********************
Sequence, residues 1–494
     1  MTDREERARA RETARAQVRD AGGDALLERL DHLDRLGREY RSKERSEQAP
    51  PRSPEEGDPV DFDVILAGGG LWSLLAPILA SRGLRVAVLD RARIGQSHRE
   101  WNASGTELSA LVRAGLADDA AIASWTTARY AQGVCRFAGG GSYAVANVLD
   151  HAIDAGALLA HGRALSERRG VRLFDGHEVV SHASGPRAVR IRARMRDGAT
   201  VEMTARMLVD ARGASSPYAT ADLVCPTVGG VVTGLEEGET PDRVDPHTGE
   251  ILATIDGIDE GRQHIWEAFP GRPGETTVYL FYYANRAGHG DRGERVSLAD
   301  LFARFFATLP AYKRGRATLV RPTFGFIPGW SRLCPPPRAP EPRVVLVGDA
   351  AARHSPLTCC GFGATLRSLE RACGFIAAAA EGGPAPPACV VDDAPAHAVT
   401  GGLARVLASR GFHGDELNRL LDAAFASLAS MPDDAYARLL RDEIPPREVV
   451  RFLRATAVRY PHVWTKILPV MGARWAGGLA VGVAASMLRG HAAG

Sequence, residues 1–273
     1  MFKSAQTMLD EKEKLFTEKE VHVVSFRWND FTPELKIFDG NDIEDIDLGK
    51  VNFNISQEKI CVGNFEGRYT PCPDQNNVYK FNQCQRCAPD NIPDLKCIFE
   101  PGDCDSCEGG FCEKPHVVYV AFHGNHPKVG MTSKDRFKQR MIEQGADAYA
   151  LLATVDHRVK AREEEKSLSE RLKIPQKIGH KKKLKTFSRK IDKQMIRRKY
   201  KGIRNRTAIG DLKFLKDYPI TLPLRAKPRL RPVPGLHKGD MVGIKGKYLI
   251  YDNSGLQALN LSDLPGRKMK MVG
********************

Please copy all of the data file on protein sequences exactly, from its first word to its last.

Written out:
Sequence, residues 1–494
     1  MTDREERARA RETARAQVRD AGGDALLERL DHLDRLGREY RSKERSEQAP
    51  PRSPEEGDPV DFDVILAGGG LWSLLAPILA SRGLRVAVLD RARIGQSHRE
   101  WNASGTELSA LVRAGLADDA AIASWTTARY AQGVCRFAGG GSYAVANVLD
   151  HAIDAGALLA HGRALSERRG VRLFDGHEVV SHASGPRAVR IRARMRDGAT
   201  VEMTARMLVD ARGASSPYAT ADLVCPTVGG VVTGLEEGET PDRVDPHTGE
   251  ILATIDGIDE GRQHIWEAFP GRPGETTVYL FYYANRAGHG DRGERVSLAD
   301  LFARFFATLP AYKRGRATLV RPTFGFIPGW SRLCPPPRAP EPRVVLVGDA
   351  AARHSPLTCC GFGATLRSLE RACGFIAAAA EGGPAPPACV VDDAPAHAVT
   401  GGLARVLASR GFHGDELNRL LDAAFASLAS MPDDAYARLL RDEIPPREVV
   451  RFLRATAVRY PHVWTKILPV MGARWAGGLA VGVAASMLRG HAAG

Sequence, residues 1–273
     1  MFKSAQTMLD EKEKLFTEKE VHVVSFRWND FTPELKIFDG NDIEDIDLGK
    51  VNFNISQEKI CVGNFEGRYT PCPDQNNVYK FNQCQRCAPD NIPDLKCIFE
   101  PGDCDSCEGG FCEKPHVVYV AFHGNHPKVG MTSKDRFKQR MIEQGADAYA
   151  LLATVDHRVK AREEEKSLSE RLKIPQKIGH KKKLKTFSRK IDKQMIRRKY
   201  KGIRNRTAIG DLKFLKDYPI TLPLRAKPRL RPVPGLHKGD MVGIKGKYLI
   251  YDNSGLQALN LSDLPGRKMK MVG